The information on proximal femoral morphology presented in this study could be used as a guideline to design a more suitable implant for the Malay population which covers most South East Asian countries. The design of hip implant has evolved drastically as lessons were learnt from the many and various post surgical complications. However, some of the problems still exist such as osteolysis which is caused by wear debris, poor bone remodeling due to altered physiological loading and aseptic loosening due to insufficient primary and secondary stability. There are several reported works where morphological data were used as reference for the design and analysis of femoral stem (Bargar, 1989; Stulberg et al., 1989; McCarthy et al., 1997; Abdul-Kadir et al.). These implants were specifically designed according to the morphology of the bone for accurate representation in an idealized situation. As there were numerous implant options available to surgeons, information presented in this report could also be used as guidelines for clinicians in making a more informed decisions. Götze et al. (2002) proved the importance of a suitably matched implant for successful surgery through a custom made femoral stem, Adaptiva. The implant had an interface motion of less than 150 µm with lower dynamic micromotions and rotation behavior at the proximal region.
The collo-diaphyseal angle (CDA) is an important parameter especially in surgeries involving the dynamic hip screw (DHS) and dynamic condylar screw (DCS). In general, trochanteric two fragment fractures normally require a DHS with a CDA of 135°. However this value may not be suitable for the Malay population as the average CDA values are 132° and 130° for male and female respectively. Lv et al. reported that a proximal femoral nail with antirotation specifically for Asian population has a mediolateral angle of 5°, diameter of 16.5 mm, blade length range from 75 to 120 mm in steps of 5 mm and CDA values of 125° and 130° which is within the range of our study. Sivanathan et al. reported that the usage of small stem Exeter for total hip arthroplasty with an offset of 30 to 35.5 mm suitable for Asian populations demonstrated promising results at 2.5 years follow-up.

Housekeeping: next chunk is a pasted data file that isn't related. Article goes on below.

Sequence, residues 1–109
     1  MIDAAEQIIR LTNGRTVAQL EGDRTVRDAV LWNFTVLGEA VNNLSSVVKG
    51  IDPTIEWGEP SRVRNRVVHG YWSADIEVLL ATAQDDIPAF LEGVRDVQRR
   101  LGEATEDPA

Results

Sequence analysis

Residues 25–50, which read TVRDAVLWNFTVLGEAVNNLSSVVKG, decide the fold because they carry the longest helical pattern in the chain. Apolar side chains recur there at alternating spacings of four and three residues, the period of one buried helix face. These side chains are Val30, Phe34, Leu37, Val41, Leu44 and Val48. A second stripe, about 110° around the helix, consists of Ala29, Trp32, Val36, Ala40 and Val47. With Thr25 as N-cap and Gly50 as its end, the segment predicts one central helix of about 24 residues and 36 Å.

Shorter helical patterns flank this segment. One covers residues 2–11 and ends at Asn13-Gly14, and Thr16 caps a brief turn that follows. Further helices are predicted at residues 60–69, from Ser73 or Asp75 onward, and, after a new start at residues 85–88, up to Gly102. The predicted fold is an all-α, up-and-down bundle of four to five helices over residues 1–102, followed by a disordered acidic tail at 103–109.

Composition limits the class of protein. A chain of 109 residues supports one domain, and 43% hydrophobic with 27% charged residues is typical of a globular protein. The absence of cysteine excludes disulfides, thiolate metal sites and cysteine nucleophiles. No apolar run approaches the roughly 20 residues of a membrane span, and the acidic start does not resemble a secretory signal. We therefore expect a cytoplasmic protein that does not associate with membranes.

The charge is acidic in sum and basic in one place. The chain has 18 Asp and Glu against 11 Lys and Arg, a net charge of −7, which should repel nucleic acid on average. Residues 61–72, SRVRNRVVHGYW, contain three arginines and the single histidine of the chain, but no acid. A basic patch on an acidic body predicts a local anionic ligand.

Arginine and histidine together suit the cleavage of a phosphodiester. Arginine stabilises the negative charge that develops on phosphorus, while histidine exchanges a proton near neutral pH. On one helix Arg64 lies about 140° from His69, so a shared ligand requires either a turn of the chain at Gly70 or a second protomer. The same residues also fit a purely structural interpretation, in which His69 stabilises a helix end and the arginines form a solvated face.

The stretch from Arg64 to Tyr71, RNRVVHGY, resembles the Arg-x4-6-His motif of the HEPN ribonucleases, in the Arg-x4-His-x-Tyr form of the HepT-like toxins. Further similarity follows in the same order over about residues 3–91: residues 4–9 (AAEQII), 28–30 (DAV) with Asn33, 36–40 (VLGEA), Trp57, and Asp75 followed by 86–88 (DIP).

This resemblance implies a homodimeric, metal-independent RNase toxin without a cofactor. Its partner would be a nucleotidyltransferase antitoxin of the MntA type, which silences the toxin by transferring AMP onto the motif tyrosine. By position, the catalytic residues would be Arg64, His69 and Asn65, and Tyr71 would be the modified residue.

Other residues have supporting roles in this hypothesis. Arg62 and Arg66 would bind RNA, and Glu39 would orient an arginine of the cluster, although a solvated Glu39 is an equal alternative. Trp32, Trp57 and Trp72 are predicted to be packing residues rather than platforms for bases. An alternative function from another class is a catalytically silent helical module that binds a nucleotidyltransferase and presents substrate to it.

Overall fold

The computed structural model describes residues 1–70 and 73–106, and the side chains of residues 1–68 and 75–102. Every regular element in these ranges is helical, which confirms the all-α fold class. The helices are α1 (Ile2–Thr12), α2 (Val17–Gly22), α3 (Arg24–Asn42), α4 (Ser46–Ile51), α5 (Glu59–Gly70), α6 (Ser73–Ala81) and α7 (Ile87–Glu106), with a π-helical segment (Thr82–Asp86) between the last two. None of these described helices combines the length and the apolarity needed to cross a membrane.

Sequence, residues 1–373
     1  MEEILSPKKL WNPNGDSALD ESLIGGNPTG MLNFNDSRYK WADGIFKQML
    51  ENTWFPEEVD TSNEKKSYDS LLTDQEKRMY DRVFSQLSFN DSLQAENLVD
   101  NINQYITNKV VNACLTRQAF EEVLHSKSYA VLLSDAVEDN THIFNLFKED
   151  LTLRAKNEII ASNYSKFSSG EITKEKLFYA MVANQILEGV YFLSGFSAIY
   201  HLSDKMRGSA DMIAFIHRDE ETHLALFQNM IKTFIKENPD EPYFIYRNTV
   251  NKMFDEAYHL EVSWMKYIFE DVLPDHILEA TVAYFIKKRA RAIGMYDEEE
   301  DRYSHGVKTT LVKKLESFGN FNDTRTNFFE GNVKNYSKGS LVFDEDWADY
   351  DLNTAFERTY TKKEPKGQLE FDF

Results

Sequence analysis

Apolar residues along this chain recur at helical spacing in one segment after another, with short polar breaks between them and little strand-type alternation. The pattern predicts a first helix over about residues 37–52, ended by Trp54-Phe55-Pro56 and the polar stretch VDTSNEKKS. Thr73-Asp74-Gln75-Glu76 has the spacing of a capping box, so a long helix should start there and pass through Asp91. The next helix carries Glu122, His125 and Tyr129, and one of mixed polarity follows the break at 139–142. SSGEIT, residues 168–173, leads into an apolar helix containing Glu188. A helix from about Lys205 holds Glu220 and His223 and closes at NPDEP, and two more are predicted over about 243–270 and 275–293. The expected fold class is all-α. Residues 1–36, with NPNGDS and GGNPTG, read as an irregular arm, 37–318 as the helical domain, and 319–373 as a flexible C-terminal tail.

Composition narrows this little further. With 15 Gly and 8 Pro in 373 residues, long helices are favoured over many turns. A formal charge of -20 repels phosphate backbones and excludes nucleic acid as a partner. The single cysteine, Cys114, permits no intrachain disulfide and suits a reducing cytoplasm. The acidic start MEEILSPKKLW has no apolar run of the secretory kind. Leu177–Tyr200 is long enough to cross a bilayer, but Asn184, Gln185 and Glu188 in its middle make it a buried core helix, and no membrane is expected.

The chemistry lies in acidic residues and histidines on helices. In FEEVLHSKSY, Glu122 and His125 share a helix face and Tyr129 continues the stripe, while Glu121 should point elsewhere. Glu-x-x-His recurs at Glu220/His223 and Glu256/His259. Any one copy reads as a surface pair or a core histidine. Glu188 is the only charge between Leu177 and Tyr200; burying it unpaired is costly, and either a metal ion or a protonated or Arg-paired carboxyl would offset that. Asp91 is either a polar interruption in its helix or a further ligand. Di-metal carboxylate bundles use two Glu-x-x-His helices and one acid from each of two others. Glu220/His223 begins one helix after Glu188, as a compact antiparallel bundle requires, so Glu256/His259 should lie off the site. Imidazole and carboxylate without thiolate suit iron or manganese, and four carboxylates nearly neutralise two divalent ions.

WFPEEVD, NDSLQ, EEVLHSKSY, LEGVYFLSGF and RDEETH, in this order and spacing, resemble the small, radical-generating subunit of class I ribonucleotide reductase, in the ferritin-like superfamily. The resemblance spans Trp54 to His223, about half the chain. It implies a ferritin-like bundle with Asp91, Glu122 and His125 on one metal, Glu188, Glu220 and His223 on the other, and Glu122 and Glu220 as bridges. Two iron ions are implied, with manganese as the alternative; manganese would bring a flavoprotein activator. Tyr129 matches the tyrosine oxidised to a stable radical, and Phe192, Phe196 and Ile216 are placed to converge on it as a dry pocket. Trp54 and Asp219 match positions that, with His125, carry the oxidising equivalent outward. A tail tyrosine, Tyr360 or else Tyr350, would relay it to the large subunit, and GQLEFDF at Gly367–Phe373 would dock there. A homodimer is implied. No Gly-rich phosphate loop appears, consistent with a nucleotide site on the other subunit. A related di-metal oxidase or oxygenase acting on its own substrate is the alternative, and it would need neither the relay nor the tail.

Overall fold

In conclusion, we would like to emphasize the importance of proximal femoral measurement especially the collo-diaphysial angle, femoral neck length and width which is particularly different from other populations. As far as the authors are aware, this is the first reported study on the morphology of the proximal femur for the Malay population, aimed at giving information to engineers and clinicians alike in the development of implants and practice related to the hip joint.
This study was sponsored by the Ministry of Higher Education Malaysia through the Fundamental Research Grant Scheme (FRGS) and the Ministry of Science, Technology and Innovation Malaysia through the e-Science fund. We would like to acknowledge the Research Management Centre, Universiti Teknologi Malaysia, for managing the project.
Abdul-Kadir, M. R.; Hansen, U.; Klabunde, R.; Lucas, D. & Amis, A. Finite element modelling of primary hip stem stability: the effect of interference fit. J. Biomech., 41(3):587-94, 2008. [ Links ]
Bargar, W. L. Shape the implant to the patient. A rationale for the use of custom-fit cementless total hip implants. Clin. Orthop. Relat. Res., 249:73-8, 1989. [ Links ]
Caetano, E. B.; Serafim, A. G. & Padoveze, E. H. Study of the Collo-diaphyseal Angle of the Femur of Corpses in the Anatomy Department of the PUC-SP Medical School. Int. J. Morphol., 25(2):285-8, 2007. [ Links ]
Calis, H. T.; Eryavuz, M. & Calis, M. Comparison of femoral geometry among cases with and without hip fractures. Yonsei Med. J., 45(5):901-7, 2004. [ Links ]